“Unlike in the legacy industries, there are no Ukrainian IT oligarchs, no IT-supported political parties in the Rada, and no IT-controlled Ukrainian media channels,” argue Andrei Kirilenko and Tetyana Tyshchuk in From Legacy to Digital: Ukraine’s Plugged-in Economy, a new issue brief by the Atlantic Council’s Eurasia Center. In fact, Ukraine has a long and proud history in the development of information technology (IT), both hardware and software. MESM, the first digital electronic computer in continental Europe, was completed in 1951 in Feofania on the outskirts of Kyiv. Despite the war, unfavorable investment climate, and weak institutions, Ukraine’s IT industry has been experiencing double-digit growth for several years running. This issue brief examines the rising IT sector in Ukraine and how the new digital economy is integrating into global markets and increasing the productivity and competitiveness of Ukraine’s human capital.
The information technology (IT) industry is a bright spot in Ukraine’s patchy record of uneven progress, missed opportunities, and unfulfilled expectations. Despite the war, unfavorable investment climate, and weak institutions, Ukraine’s IT industry has been experiencing double-digit growth for several years running.
In fact, it should hardly be a surprise at all as the development of digital technologies—both hardware and software—has a long and proud history in Ukraine. MESM, the first digital electronic computer in continental Europe, was completed in 1951 in Feofania on the outskirts of Kyiv. That is just two years after EDVAC, the first digital computer in the United States, and EDSAC, the first digital computer in the United Kingdom were constructed.
Advances in building computer hardware were followed by a bold proposal for the creation of OGAS,1OGAS, or the All-State Automated System in Russian, was a Soviet-era project to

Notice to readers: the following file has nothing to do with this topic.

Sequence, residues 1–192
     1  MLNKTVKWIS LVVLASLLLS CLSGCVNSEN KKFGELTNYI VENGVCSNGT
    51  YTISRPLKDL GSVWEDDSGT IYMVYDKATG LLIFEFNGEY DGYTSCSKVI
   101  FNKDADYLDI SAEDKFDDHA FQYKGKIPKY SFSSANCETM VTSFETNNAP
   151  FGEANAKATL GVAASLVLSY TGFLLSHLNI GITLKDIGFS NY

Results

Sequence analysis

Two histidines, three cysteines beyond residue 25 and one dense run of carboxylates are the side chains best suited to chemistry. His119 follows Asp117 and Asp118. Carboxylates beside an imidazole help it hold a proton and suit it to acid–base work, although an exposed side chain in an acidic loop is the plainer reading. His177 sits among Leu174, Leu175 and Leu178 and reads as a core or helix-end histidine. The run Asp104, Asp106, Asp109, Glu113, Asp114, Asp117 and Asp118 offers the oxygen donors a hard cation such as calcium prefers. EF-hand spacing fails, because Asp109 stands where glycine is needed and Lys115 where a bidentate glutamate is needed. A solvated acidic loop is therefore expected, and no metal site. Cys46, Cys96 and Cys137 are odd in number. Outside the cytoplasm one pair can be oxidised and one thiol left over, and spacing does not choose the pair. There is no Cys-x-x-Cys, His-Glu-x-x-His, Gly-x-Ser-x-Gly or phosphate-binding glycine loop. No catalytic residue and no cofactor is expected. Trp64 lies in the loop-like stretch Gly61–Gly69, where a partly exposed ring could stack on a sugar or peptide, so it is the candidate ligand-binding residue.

create a nationwide information system a prototype Internet project developed in Ukraine in 1964. A local area network (LAN) version of OGAS was tested at a Lviv television factory in 1967, two years before the Advanced Research Projects Agency Network (ARPANET) project in the United States became operational. Among other things, the creators of OGAS developed a prototype of a digital currency as an electronic ledger of accounts.
While Ukrainian computer scientists have always had plenty of great ideas and the country enjoyed a multi-generational pool of engineering talent to execute them, it was only after Ukraine’s independence in 1991 that its IT industry began to acquire the necessary business skills to become globally competitive. In 2018, eighteen Ukrainian IT companies were rated among the Top-100 outsourcing companies by the International Association of Outsourcing Professionals.2“The Global Outsourcing 100,” International Association of
Operating Professionals, accessed April 4, 2018, https://www.
iaop.org/GlobalOutsourcing100 Ukraine’s legacy economy and its new digital economy are built on different values. The former, which Ukraine inherited from its Soviet past, is predominantly based on rent seeking and cheap resources. The new digital economy focuses on continued integration into the global markets and on increasing productivity and competitiveness of Ukraine’s human capital.